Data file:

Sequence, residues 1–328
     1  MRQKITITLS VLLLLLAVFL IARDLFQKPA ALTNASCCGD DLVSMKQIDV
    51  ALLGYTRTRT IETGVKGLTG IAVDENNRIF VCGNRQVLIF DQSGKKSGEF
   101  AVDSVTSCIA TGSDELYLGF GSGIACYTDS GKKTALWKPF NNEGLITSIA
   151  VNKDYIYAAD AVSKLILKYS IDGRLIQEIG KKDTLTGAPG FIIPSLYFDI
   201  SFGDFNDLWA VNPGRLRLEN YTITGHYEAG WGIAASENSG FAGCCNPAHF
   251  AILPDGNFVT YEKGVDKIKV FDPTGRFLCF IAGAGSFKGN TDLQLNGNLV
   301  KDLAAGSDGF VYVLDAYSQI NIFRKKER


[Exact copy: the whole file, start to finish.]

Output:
Sequence, residues 1–328
     1  MRQKITITLS VLLLLLAVFL IARDLFQKPA ALTNASCCGD DLVSMKQIDV
    51  ALLGYTRTRT IETGVKGLTG IAVDENNRIF VCGNRQVLIF DQSGKKSGEF
   101  AVDSVTSCIA TGSDELYLGF GSGIACYTDS GKKTALWKPF NNEGLITSIA
   151  VNKDYIYAAD AVSKLILKYS IDGRLIQEIG KKDTLTGAPG FIIPSLYFDI
   201  SFGDFNDLWA VNPGRLRLEN YTITGHYEAG WGIAASENSG FAGCCNPAHF
   251  AILPDGNFVT YEKGVDKIKV FDPTGRFLCF IAGAGSFKGN TDLQLNGNLV
   301  KDLAAGSDGF VYVLDAYSQI NIFRKKER